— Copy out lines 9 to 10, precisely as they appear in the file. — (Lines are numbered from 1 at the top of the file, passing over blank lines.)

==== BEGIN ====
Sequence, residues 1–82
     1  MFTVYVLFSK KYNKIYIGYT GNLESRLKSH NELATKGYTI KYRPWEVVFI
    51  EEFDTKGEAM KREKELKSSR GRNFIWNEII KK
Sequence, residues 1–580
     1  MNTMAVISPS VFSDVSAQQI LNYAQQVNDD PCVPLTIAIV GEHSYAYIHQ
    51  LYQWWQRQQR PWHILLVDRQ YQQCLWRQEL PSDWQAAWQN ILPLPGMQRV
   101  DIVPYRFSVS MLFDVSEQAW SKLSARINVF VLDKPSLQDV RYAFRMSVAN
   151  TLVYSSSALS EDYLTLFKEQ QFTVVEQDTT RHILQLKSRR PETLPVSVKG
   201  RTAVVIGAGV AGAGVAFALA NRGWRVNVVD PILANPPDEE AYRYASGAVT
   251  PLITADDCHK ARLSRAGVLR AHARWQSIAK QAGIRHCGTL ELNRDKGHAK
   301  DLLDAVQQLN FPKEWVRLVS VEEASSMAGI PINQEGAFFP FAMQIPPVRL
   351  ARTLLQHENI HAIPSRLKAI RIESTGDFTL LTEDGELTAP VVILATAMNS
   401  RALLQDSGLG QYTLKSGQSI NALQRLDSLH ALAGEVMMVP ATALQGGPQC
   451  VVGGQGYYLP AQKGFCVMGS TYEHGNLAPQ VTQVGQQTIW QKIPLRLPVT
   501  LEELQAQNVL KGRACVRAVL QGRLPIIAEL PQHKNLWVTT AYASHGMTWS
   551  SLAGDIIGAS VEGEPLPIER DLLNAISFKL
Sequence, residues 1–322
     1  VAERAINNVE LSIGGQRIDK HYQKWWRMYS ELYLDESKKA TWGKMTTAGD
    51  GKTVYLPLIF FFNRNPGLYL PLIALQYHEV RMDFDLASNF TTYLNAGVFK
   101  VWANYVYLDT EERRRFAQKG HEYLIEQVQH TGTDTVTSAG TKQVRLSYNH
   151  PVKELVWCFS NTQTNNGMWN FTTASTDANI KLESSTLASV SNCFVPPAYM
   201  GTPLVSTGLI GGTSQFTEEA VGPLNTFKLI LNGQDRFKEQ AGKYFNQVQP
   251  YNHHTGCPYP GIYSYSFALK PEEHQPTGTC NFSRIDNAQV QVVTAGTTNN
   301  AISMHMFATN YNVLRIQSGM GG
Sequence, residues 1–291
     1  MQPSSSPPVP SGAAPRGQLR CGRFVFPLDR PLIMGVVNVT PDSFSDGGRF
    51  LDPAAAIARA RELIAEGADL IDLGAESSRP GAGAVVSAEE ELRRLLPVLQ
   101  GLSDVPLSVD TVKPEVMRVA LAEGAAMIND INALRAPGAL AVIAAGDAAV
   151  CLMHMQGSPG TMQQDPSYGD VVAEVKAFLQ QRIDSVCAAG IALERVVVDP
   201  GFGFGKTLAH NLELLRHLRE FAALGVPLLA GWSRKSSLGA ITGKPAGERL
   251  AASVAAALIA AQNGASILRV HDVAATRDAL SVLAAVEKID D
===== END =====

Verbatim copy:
   201  RTAVVIGAGV AGAGVAFALA NRGWRVNVVD PILANPPDEE AYRYASGAVT
   251  PLITADDCHK ARLSRAGVLR AHARWQSIAK QAGIRHCGTL ELNRDKGHAK